New Developments and Empirical Evidence
New Horizons in Competition Law and Economics series
Edited by Michael Faure and Xinzhu Zhang
Chapter 11: Competition law and market integration – a European perspective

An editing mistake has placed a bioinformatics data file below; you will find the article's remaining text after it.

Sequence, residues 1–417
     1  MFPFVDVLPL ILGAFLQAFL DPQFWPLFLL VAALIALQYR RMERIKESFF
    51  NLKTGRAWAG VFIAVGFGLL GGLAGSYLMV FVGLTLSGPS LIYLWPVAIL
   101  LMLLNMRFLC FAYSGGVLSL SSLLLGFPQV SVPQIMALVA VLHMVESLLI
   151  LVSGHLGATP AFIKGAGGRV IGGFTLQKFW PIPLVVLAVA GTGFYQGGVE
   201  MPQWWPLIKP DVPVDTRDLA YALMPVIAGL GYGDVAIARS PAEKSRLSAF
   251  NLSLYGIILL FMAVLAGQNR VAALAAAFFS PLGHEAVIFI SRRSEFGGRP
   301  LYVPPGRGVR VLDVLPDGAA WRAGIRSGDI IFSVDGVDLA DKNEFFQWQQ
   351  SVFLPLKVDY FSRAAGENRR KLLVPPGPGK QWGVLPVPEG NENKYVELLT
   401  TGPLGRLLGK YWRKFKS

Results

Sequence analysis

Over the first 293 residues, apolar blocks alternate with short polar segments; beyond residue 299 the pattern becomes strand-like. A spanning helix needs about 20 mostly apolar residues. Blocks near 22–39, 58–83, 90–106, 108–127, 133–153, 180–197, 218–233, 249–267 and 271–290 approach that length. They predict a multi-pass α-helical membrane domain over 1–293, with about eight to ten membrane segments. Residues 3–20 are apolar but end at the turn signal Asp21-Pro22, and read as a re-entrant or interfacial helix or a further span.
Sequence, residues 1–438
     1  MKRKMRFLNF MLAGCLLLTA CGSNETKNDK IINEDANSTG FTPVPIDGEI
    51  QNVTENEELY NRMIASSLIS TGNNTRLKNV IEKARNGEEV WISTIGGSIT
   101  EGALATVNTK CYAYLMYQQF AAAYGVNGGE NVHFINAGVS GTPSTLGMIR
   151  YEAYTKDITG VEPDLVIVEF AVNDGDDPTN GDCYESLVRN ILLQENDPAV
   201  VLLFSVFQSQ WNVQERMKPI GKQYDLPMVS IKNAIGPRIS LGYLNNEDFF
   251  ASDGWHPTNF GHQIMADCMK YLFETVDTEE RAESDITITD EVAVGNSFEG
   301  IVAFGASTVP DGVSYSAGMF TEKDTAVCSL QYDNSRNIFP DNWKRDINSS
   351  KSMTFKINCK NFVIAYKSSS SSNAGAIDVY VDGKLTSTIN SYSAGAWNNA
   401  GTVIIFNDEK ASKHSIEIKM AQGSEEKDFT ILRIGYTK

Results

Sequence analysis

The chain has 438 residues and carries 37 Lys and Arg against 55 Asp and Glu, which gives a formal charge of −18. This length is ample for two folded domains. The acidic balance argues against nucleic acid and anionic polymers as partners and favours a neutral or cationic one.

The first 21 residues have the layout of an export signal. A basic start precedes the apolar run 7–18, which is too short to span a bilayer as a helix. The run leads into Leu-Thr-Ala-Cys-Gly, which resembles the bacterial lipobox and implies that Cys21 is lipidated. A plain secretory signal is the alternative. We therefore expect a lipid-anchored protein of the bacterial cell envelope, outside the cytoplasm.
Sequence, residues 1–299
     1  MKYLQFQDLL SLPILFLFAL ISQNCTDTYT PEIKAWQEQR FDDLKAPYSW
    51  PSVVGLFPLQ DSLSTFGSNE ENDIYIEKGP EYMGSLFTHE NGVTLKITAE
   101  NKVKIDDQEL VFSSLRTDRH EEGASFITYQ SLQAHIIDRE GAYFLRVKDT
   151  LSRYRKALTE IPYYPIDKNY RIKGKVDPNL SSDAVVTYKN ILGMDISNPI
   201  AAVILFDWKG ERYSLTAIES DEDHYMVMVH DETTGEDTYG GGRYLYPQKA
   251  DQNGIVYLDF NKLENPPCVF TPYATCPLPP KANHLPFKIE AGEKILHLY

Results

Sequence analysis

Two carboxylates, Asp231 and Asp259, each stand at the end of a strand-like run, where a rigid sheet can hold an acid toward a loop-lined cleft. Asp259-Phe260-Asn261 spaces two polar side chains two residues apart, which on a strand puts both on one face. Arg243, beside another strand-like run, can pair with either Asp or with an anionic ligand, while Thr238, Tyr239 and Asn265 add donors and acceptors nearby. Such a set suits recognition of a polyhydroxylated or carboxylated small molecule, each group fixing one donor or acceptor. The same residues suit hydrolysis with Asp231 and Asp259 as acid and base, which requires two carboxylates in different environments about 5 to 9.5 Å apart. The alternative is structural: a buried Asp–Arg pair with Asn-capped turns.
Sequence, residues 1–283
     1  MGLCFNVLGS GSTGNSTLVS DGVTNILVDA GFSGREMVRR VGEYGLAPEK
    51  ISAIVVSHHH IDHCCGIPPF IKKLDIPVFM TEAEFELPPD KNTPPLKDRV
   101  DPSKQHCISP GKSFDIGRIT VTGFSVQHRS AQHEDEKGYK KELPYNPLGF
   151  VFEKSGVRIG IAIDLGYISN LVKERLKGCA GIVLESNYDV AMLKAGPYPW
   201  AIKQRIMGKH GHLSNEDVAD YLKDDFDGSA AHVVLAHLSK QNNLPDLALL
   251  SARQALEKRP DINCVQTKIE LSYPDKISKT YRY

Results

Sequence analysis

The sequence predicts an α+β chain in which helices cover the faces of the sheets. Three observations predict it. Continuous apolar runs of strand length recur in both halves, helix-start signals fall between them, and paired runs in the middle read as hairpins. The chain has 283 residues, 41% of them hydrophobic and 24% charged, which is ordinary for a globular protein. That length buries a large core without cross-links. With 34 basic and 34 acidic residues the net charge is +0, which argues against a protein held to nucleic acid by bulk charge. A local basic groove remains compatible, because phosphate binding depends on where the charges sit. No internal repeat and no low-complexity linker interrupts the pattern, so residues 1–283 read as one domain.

After a long laborious drafting process the Chinese Antimonopoly Law(AML) was adopted at the 29th session of the Tenth National People’s Congress on 30 August 2007 and entered into force on 1 August 2008. The law has been enacted to guard against monopolistic conduct, to safeguard and promote the order of market competition, improve economic efficiency, protect consumer and public interests, and to promote the healthy development of the socialist market economy. Its creation constitutes a milestone in China’s movement towards a more market oriented socialist economy. It may be expected that the strengthening of competition will not only lead to increased levels of welfare for the public at large but at the same time work towards a stronger legal and economic integration. The Chinese economy has been showing impressive growth rates for decades. Given the poor macroeconomic outlook in the context of the debt crisis and the financial crisis in large parts of the world economy, it is laudable that the Chinese government has pursued a growth strategy in which domestic growth constitutes an integral part.
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